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Ruto stays clear of row on county revenue but demands fair solution

By Jacob Ng'etich | Jul 28th 2020 | 4 min read

Deputy President William Ruto has washed his hands off the Senate revenue sharing stalemate, leaving President Uhuru Kenyatta and opposition leader Raila Odinga to resolve the matter.

Before yesterday, DR Ruto (pictured) had maintained a studious silence on the county revenue allocation that has dragged on for weeks now but did not help when he weighed in on the matter.

In a pointed tweet, Ruto left it to the combined might of Kenyatta and Raila in the Senate to pass a formula, but with the rider that the formula must accommodate all interests at play.

"The ongoing revenue formula debate is unnecessarily divisive. The Constitution envisages fair and equitable sharing of all our resources. The legislature MUST as per its MANDATE structure a WIN-WIN formula that is sensitive to proposals made without hurting any county," he tweeted.

The Senate has for three weeks been in a stalemate over the proposed third-generation formula by the Commission on Revenue Allocation (CRA) to share Sh316.5 billion among the 47 counties.

At the weekend, Nakuru Senator Susan Kihika, a Ruto confidant, gave all indications that they were leaving the handshake duo to their own devices.

Ms Kihika was kicked out of her majority whip position two months ago in a party purge that targeted allies of DP Ruto.

In cryptic tweet, Kihika gave an analogy of someone who kicks out his wife and kids, moves in with another woman and her kids, but needs his original family to accomplish a certain task.

"His ‘new family’ has refused to help. Should the old family hold their noses and help him, watch the show unfold or show him the middle...." she tweeted.

On Saturday, the political storm over the allocation went a notch higher after Senate Majority Whip Irung'u Kang'ata gave an ultimatum to those opposed to the committee recommendation that they will reciprocate by withdrawing their support for Building Bridges Initiative (BBI) birthed on March 9, 2018, a brainchild of Uhuru and Raila.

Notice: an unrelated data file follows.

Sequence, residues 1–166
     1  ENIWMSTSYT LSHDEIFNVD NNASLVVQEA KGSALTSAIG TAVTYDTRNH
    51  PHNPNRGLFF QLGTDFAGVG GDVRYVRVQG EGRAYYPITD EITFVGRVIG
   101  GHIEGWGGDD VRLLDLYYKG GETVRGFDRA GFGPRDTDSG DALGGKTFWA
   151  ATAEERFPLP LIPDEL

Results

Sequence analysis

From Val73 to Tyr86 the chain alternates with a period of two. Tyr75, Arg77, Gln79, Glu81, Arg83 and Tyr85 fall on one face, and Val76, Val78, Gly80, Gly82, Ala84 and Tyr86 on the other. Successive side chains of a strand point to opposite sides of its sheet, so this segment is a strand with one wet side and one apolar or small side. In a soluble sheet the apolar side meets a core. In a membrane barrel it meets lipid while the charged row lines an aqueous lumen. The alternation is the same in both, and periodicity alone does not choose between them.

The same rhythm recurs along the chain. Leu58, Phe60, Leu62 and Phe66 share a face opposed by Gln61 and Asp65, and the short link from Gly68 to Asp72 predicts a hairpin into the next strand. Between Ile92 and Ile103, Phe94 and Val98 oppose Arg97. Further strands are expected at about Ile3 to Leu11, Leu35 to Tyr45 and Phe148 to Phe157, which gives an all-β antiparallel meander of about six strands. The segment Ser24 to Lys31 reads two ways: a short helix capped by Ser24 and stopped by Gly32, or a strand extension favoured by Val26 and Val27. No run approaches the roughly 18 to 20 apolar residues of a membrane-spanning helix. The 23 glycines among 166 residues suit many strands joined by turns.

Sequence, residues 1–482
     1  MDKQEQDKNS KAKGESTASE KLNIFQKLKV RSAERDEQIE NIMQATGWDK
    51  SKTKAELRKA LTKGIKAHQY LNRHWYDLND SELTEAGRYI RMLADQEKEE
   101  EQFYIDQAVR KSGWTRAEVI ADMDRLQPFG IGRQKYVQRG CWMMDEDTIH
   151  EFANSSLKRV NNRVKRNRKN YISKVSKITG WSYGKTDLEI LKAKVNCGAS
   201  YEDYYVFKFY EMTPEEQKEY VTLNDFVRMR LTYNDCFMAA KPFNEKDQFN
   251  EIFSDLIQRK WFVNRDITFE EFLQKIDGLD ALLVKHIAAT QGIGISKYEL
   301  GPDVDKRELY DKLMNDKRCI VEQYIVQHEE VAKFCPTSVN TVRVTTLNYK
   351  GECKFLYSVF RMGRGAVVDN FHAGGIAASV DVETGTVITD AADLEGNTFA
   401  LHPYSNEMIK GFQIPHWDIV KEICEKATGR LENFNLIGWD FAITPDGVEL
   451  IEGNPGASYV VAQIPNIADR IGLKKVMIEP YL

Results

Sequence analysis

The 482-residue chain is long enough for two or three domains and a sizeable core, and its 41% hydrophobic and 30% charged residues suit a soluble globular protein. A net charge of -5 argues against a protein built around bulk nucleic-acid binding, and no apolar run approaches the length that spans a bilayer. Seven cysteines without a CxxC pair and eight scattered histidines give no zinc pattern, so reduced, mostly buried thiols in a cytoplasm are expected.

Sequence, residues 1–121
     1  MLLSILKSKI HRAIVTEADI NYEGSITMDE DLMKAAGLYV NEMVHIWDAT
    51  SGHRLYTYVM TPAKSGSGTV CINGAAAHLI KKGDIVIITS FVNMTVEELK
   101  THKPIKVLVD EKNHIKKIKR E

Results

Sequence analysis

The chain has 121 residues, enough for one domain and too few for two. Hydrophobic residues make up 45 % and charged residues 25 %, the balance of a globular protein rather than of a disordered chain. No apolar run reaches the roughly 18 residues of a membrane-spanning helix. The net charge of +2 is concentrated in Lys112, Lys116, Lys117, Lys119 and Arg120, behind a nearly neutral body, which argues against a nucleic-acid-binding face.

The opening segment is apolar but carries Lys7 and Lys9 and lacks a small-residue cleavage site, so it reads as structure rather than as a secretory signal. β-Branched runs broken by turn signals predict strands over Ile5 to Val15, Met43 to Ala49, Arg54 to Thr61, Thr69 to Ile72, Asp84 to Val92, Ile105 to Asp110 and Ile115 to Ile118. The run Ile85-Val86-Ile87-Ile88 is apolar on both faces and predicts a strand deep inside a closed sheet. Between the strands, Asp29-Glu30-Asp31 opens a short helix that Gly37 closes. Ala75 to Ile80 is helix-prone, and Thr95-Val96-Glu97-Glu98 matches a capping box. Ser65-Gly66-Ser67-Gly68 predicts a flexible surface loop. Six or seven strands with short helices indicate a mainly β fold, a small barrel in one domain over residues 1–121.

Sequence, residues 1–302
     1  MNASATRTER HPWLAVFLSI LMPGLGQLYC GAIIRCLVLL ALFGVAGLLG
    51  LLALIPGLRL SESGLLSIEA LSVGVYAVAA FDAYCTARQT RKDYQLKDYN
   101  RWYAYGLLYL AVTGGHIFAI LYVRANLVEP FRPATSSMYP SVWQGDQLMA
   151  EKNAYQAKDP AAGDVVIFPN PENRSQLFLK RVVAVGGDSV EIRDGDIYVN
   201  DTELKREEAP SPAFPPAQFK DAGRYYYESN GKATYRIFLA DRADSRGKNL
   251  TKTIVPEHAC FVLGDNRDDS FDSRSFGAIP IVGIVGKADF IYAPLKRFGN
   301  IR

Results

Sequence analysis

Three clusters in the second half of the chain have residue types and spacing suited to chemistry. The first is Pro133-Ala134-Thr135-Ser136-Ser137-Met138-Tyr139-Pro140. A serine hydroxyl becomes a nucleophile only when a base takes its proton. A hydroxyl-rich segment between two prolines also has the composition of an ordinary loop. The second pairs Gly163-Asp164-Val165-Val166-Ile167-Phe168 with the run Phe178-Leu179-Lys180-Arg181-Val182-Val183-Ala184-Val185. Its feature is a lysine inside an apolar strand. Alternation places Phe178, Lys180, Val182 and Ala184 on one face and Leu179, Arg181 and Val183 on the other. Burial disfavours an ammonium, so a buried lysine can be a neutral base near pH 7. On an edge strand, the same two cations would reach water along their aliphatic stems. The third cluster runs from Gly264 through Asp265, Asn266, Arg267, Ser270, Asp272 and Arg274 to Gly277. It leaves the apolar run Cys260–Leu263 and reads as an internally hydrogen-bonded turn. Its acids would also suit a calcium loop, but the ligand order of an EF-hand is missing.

“We shall reconsider BBI if we lose the vote. If the government loses vote, BBI collapses. We thought BBI was all about ‘one man, one shilling.' That’s the philosophy underpinning the committee's proposal," said Mr Kang'ata as he distributed relief food to families in Kiamara village, Murang'a County.

Former Majority Leader Kipchumba Murkomen, a Ruto confidant, yesterday said Kang'ata was politely telling Raila allies that if they cannot support the formula as proposed by the government, then they could not trust them on any promise.

"The running theme in the BBI report is that if the formula as proposed fails, then it is a precursor to the failure of BBI," said Murkomen.

He said the point was that BBI was equivalent to the proposed formula. In a satirical statement, Murkomen wondered what happened to the so-called 'party position' that could have been used by Raila to whip the senators. 

Jubilee has 25 senators while ODM 13, Kalonzo Musyoka's Wiper Party has three, Kanu two, ANC two and one each for Ford Kenya and PDR.

Of the Jubilee's elected senators, Ruto has 16 allied to him. Uhuru with 10 Jubilee senators on his side and a tacit support of the Wiper and Kanu's legislators making the number 14 while Raila with the support from Kakamega Senator Cleopas Malala elected on Musalia Mudavadi's party totals to 14 as well. 

It will be interesting to note if Ruto will seek to take a position on the matter as the formula goes to vote today.

Political war

A senator allied to him but who sought anonymity however said Ruto does not want to be caught up in a political war between Uhuru and Raila allies.

"Uhuru and Raila are the ones on the steering wheel, let them solve the riddle," the senator said.

Political analyst and lecturer at Kenyatta University Prof Edward Kisiang'ani said the riot act has been read to ODM by Kang'ata.

"And since ODM is more desperate over BBI than Jubilee, there is only one way voting will go on Tuesday. ODM senators will report to Senate five hours before actual voting takes place to pass the County Revenue Bill," said Prof Kisiangani.

The impasse on the formula to replace the second generation one that has since expired has led to a delay in the passage of the County Allocation of Revenue Act, 2020, and held back cash disbursement schedule for counties.

Counties are yet to receive their June allocation, and are staring at a cash crisis. National Treasury CS Ukur Yatani insists without the County Allocation of Revenue Act, disbursements for July and subsequent months will be frozen.

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